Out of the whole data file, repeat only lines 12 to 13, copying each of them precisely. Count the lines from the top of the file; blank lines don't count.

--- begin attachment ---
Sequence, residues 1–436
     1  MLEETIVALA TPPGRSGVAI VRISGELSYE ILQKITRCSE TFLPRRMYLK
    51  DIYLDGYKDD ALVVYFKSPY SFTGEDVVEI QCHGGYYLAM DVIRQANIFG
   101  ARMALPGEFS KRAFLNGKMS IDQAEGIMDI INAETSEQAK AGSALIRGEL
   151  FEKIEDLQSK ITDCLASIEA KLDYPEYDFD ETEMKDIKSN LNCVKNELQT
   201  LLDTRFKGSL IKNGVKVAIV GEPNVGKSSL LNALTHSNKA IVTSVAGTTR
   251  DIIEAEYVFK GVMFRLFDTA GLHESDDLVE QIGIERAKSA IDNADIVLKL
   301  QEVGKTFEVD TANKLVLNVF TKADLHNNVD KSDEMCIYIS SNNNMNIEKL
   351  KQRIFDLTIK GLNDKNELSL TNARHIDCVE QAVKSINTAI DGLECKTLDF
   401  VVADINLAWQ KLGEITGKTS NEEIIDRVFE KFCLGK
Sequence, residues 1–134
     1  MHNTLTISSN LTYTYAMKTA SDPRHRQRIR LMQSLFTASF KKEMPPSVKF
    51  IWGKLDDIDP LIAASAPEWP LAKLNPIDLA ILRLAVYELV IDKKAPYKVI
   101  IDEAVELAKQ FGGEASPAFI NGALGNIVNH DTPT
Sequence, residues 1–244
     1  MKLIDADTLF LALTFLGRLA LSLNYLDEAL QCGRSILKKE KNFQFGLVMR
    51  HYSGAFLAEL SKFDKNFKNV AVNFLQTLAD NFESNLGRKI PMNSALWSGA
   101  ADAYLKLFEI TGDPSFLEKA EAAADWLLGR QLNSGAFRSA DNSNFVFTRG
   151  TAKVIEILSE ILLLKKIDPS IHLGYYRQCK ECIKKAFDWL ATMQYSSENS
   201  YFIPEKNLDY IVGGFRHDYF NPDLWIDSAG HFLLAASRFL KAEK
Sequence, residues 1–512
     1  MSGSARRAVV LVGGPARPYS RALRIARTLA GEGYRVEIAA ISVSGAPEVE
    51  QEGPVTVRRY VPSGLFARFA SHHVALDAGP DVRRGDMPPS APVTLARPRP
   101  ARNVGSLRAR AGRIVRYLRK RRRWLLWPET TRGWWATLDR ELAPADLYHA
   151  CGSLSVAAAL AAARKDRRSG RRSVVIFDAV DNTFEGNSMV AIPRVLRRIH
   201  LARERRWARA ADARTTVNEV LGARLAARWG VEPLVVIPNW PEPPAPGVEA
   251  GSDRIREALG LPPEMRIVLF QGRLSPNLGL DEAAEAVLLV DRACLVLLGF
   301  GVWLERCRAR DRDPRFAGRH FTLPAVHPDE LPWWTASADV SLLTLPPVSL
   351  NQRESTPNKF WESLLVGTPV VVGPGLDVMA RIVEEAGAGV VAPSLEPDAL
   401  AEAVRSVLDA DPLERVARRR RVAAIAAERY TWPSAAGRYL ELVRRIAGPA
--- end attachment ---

     1  MHNTLTISSN LTYTYAMKTA SDPRHRQRIR LMQSLFTASF KKEMPPSVKF
    51  IWGKLDDIDP LIAASAPEWP LAKLNPIDLA ILRLAVYELV IDKKAPYKVI